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R. Paul Maiden

Clinical Professor of Social Work Dept. of Social Change and Innovation

Dr Maiden joined the school’s Virtual Academic Center as a full time teaching faculty in 2017 teaching in both the DSW and MSW programs.

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R. Paul Maiden
Email:  rmaiden@usc.edu
Phone:  +1 213.821.2624
Rank:  Clinical Teaching
Department:  Social Change and Innovation
Assignment:  Ground

R. Paul Maiden

Clinical Professor of Social Work Dept. of Social Change and Innovation

Dr Maiden joined the school’s Virtual Academic Center as a full time teaching faculty in 2017 teaching in both the DSW and MSW programs.

Media Contact

Biography

Dr Maiden joined the school’s Virtual Academic Center as a full time teaching faculty in August 2017 teaching in both the DSW and MSW programs. Prior to his ‘migration to the clouds,’ from 2010-17, Dr Maiden served as Executive Vice Dean and Professor with operational responsibility for a top-ranked, and the largest graduate school of social work in the United States, with 3,200 MSW students in five academic centers. He is also a faculty member in the Department of Social Change and Innovation. He spearheaded the development of the school’s military social work, created the San Diego Academic Center, expanded the school's annual global immersion offerings and led the development of the school's Virtual Academic Center, the first fully synchronous and asynchronous web-based MSW program serving a national and international student population. He also lead the development of the DSW, a professional doctorate in Innovation, Leadership and Advanced Social Work Practice Management Complex Systems. Dr. Maiden brings 30 years of expertise to the field of workplace human services. He was Editor-in-Chief (2000-2015) of the Journal of Workplace Behavioral Health, the only peer-reviewed journal in employee assistance research and practice. Dr. Maiden has published extensively in the areas of employee assistance programs, substance abuse and workplace legislation, trauma management, as well as the evaluation of work-based human services, AIDS in the workplace, alcohol abuse and domestic violence at work, and managed behavioral health care. In addition, he has authored numerous articles and book chapters on employee assistance, workplace behavioral health, occupational social work and international program development.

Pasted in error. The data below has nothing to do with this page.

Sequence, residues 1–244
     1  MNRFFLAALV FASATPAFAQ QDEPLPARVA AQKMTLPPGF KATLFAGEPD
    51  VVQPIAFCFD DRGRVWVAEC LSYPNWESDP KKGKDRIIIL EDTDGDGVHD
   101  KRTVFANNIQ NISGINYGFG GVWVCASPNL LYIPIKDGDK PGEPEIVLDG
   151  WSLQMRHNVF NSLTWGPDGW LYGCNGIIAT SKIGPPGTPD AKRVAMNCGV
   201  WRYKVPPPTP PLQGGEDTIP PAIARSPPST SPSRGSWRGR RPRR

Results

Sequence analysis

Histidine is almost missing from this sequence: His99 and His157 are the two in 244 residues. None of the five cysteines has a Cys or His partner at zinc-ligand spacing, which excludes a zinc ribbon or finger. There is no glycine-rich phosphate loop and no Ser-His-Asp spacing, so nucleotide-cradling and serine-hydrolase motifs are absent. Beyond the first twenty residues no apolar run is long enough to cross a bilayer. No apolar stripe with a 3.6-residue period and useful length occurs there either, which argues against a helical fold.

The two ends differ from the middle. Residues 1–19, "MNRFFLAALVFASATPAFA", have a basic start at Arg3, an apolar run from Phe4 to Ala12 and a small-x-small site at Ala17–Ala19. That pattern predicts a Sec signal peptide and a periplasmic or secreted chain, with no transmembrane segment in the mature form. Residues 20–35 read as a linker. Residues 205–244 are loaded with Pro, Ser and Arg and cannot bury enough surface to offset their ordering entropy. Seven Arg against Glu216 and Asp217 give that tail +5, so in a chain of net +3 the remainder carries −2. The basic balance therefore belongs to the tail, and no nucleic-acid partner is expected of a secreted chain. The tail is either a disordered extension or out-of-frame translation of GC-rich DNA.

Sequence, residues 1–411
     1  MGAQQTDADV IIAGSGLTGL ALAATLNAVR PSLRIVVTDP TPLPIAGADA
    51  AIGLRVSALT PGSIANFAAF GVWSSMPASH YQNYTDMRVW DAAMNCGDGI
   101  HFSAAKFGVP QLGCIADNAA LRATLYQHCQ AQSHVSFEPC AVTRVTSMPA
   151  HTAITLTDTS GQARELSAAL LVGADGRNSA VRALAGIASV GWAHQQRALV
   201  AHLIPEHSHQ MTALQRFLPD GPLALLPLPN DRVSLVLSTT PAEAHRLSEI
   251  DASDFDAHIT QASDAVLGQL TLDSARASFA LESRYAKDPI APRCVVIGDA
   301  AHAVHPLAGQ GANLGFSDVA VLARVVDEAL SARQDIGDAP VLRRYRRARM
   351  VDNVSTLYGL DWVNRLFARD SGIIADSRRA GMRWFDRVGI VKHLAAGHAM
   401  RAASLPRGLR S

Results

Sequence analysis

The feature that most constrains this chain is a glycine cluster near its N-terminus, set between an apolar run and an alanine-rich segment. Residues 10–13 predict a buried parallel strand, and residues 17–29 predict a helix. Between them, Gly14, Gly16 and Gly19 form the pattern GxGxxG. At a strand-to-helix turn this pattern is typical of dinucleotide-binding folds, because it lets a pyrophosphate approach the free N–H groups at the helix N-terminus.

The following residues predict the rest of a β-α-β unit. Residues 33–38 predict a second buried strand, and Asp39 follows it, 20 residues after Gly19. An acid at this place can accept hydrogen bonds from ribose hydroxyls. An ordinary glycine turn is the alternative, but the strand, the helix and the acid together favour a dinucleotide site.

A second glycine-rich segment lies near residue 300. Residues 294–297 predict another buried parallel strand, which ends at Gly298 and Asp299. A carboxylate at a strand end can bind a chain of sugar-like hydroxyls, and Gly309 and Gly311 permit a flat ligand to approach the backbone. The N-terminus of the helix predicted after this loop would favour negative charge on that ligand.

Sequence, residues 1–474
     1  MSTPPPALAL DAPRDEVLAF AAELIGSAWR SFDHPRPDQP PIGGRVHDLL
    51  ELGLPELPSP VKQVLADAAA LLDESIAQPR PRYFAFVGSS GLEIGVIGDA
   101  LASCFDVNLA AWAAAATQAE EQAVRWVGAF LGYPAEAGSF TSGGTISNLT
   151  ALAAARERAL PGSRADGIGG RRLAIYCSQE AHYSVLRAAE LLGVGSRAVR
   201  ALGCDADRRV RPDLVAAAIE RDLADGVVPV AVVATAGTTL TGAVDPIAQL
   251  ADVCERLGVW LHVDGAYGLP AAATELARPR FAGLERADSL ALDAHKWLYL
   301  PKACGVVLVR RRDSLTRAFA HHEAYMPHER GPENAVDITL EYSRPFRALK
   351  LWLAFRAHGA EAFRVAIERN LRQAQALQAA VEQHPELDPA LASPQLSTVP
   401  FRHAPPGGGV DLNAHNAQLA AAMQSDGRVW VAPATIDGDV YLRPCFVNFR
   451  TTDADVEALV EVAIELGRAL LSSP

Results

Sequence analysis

Education

University of Maryland

PhD 1995

University of Tennessee

MSSW 1980

Angelo State University

BA 1978

Area of Expertise

  • Technology Enhanced and Online Learning
  • Hiv/Aids
  • Workplace Trauma
  • Violence
  • Higher Education
  • Substance Abuse
  • Managed Care
  • Employee Assistance, Work/Life and Wellness

Industry Experience

  • Mental Health Care
  • Education/Learning
  • Health and Wellness

Research Interest

  • Organization/Workplace

Affiliations

  • Council on Social Work Education
  • National Association of Social Workers
  • Society for Social Work Research
  • Employee Assistance Professional Association

Accomplishments

2017 Lifetime Achievement Award
Employee Assistance Professionals Association
2015 Outstanding Leadership in the Profession
Employee Assistance Society of North America

Articles & Publications

A Retrospective of Employee Assistance Consortia | Employee Assistance Quarterly
R. Paul Maiden PhD
2008 Employee Assistance Programs have been adopted by many larger work organizations. However, the vast majority of the American workforce is employed by small businesses, many of which do not offer an EAP to their employees. Consortium development has been shown to be a viable strategy to bring EAP service to small businesses. This article reviews the emergence of the consortium concept, gives a developmental history of several of the more successful EAP consortia that have been operating for a number of years, and discusses some of the pitfalls of consortium development. A case study of five years of development and operation of a consortium established in Illinois is also presented. It concludes with issues to consider when developing an EAP consortium.

Managing the Trauma of Community Violence and Workplace Accidents in South Africa | Journal of Workplace Behavioral Health
R. Paul Maiden & Lourens Terblanche
2008 Community violence that spills over to the workplace is substantially impacting the quality of work/life in South Africa. Gold mining is one of the country's leading industries and also one of the most dangerous. Internal and external employee assistance programs are well represented in South Africa and are helping employees deal with the economic and psychological fall-out of community violence and work related accidents.

Managing trauma in the South African mining industry | International Journal of Emergency Mental Health
Maiden RP
2005 Deep sub-surface mining is one of South Africa s leading industries. It is also one of the most dangerous. While safety is maintained as much as possible to minimize cave-ins and other accidents, underground tremors and earthquakes are commonplace and unpredictable and usually involve life threatening injuries and loss of life. Crisis intervention and trauma management are essential to helping workers cope with mining accidents. This article describes the trauma management program developed by the employee assistance program at the Chamber of Mines in South Africa to respond to workplace accidents.

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